04 July 2019

When I was in my teens I was obsessed with Maxis video games. I spent a considerable amount of time to playing SimCity, SimFarm, SimCopter, and Streets of SimCity. I even constructed a medium-sized website dedicated to these games. These facts were lost to me until I found several old floppies, hard drives, CDs and zip disks containing partial copies of my website from 1999, 2004, 2008, and 2009. Initially I thought my old sites were of no use until I started searching for related content online. Maxis no longer features most of these games on their website, most of the large Maxis-focused websites I use to visit are gone, and many of the games were labeled “abandonware” on the Internet Archive.

I realized that my old, tattered website represented something unique that was worth preserving. Over the following three weeks I spent my evenings restoring Maxis Ville to its 1998 glory. I restored the site’s hierarchy, replaced broken links, sorted out content, search for missing files, merged things together, and discovered how quickly content is lost on the Internet. I now fully encourage the activities of places like the Internet Archive and OoCities which preserve history that would otherwise be lost.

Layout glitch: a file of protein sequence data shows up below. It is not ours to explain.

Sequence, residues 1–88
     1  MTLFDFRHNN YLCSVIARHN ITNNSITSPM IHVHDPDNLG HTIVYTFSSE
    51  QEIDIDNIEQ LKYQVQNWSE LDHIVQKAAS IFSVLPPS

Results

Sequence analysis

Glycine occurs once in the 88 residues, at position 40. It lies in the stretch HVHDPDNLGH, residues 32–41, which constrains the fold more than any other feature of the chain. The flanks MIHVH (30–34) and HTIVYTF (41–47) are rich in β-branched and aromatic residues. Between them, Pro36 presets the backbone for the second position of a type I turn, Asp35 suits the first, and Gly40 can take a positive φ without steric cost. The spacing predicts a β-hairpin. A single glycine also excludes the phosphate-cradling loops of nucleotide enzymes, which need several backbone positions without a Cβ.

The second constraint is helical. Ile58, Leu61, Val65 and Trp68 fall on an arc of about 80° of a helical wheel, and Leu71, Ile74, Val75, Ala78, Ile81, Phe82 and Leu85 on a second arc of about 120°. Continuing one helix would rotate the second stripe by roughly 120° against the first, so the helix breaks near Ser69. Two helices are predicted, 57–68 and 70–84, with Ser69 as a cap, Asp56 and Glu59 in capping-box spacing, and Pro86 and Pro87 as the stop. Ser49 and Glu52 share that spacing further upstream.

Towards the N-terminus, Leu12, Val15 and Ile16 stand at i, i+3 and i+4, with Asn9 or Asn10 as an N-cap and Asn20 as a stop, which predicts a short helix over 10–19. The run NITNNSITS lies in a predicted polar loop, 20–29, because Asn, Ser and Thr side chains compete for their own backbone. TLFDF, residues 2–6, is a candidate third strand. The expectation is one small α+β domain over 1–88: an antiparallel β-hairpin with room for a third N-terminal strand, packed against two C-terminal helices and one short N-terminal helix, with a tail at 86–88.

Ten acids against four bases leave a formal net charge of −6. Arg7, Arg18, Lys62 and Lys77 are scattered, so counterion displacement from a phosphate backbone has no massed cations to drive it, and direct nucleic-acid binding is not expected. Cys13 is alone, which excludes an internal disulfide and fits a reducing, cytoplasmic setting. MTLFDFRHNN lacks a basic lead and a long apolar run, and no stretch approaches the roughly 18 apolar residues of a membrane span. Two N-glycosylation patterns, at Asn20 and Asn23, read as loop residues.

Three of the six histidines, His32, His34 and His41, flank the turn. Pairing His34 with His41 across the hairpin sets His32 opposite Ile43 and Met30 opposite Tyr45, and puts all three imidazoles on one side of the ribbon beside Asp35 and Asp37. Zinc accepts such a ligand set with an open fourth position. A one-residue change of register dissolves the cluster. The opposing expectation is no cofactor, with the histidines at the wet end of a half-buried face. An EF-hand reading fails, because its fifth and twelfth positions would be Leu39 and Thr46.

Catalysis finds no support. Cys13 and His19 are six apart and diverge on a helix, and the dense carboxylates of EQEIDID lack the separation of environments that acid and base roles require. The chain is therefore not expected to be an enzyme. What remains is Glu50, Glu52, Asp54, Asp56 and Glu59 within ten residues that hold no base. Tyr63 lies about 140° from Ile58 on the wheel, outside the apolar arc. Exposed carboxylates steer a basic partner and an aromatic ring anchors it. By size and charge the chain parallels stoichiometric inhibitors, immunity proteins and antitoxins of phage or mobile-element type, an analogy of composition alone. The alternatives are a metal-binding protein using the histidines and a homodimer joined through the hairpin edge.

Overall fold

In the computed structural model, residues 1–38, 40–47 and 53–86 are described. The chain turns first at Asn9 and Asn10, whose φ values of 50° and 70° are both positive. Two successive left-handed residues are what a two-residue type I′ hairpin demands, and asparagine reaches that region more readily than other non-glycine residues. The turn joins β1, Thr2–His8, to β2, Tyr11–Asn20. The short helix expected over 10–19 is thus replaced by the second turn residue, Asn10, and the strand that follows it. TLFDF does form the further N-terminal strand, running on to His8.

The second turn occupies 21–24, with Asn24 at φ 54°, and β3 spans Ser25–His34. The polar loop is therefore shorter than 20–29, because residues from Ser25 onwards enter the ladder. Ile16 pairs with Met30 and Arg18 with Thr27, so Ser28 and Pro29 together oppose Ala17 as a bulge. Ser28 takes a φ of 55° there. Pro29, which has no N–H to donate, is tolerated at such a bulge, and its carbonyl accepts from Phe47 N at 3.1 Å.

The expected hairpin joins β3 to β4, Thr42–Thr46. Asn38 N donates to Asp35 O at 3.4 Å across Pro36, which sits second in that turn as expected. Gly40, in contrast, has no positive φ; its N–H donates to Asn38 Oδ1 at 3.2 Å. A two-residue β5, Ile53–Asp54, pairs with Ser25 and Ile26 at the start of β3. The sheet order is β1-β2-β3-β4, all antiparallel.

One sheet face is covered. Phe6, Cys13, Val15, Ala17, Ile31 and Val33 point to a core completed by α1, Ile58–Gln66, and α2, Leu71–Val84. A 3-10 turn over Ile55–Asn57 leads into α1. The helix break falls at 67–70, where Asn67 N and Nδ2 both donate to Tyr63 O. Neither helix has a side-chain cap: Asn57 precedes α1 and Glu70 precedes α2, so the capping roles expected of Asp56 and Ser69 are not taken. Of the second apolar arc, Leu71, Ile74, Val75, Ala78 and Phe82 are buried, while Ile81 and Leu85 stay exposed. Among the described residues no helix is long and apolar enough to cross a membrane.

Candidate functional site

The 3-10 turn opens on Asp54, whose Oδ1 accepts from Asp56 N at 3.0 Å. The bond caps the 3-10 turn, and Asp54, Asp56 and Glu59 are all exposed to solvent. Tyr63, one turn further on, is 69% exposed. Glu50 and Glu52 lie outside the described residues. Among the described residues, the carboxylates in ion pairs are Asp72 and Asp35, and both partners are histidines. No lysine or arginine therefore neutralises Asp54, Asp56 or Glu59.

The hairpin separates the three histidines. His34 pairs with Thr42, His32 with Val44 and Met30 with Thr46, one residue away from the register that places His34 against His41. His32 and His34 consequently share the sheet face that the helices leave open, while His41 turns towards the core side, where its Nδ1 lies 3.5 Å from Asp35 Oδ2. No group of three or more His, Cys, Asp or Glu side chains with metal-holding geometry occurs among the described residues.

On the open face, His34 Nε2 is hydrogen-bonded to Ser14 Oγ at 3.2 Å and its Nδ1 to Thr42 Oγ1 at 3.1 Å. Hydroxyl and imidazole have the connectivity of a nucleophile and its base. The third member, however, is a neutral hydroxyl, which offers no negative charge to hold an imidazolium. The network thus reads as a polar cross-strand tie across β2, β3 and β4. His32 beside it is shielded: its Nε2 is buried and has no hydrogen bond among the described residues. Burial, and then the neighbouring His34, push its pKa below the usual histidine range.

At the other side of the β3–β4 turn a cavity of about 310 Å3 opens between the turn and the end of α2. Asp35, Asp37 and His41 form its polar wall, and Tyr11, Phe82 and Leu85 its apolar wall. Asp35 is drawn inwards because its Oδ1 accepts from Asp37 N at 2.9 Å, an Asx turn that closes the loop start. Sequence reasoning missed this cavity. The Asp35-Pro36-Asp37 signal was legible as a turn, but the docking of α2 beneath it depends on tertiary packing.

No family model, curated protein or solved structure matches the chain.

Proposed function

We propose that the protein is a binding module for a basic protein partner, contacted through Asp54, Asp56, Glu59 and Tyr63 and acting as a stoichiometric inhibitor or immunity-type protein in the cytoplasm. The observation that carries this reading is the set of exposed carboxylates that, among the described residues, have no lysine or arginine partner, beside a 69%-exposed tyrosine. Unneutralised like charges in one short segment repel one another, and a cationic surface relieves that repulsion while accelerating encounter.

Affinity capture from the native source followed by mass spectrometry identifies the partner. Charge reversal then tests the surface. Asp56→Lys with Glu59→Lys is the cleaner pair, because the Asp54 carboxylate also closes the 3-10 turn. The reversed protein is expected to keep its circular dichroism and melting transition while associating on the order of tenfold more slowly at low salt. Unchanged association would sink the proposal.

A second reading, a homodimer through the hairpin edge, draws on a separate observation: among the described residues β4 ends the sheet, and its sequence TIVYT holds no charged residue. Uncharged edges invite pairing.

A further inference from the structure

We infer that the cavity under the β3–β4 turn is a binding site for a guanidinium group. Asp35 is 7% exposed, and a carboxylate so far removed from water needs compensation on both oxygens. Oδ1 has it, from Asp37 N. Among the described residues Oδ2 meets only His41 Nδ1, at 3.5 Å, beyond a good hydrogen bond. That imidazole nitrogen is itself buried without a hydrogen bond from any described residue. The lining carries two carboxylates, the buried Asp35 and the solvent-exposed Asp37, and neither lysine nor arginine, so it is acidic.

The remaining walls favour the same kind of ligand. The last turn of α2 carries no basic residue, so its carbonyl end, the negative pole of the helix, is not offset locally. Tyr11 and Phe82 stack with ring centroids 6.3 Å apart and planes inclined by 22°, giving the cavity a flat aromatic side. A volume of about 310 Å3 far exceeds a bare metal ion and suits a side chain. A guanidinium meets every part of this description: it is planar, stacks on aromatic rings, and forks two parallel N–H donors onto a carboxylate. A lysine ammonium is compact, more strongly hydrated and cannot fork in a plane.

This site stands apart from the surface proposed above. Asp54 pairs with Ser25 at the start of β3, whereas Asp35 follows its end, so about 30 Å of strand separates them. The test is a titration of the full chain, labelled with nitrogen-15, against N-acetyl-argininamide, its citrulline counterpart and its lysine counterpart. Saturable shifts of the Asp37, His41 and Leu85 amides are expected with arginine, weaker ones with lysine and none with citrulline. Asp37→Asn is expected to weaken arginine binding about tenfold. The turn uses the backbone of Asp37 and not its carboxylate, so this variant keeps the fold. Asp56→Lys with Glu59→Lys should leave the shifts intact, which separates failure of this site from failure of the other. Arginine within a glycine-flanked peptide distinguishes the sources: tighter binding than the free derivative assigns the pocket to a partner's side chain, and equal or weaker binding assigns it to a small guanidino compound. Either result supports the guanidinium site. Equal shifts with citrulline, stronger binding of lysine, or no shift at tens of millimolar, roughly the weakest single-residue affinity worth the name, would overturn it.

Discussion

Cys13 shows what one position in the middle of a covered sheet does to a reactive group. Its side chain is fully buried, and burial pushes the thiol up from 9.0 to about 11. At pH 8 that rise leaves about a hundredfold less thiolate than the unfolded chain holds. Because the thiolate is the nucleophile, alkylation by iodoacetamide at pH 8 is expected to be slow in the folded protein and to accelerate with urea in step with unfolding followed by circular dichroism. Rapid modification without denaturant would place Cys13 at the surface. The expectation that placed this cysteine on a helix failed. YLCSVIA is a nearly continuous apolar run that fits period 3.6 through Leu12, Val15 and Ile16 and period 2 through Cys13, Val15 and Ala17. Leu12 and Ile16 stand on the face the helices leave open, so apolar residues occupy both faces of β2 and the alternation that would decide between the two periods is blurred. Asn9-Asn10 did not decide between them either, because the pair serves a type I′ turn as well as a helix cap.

Below I detail the level of effort and tools that were required to bring Maxis Ville back from the e-graveyard. If you want to see the final result of my efforts, go check out Maxis Ville themed in its 1998 liveries.

Taking inventory

The first step in restoring the website was to take inventory of the content on hand.

  • 1999 version: This copy was recovered from a zip file found on a 2008-era backup CD. It contained several HTML pages and images in a single directory. All of the game-specific content was missing and there were no downloads. The site used frames, tables with borders, and multi-colored text so it was very nostalgic.
  • 2004 version: This copy was found on my home server’s hard drive. It had most of the game-specific content organized into directories and 13 zip files with DLC. Unfortunately, this version of the website required some PHP scripts to add a header, footer, and the navigation menu to the rendered files and all of this was missing.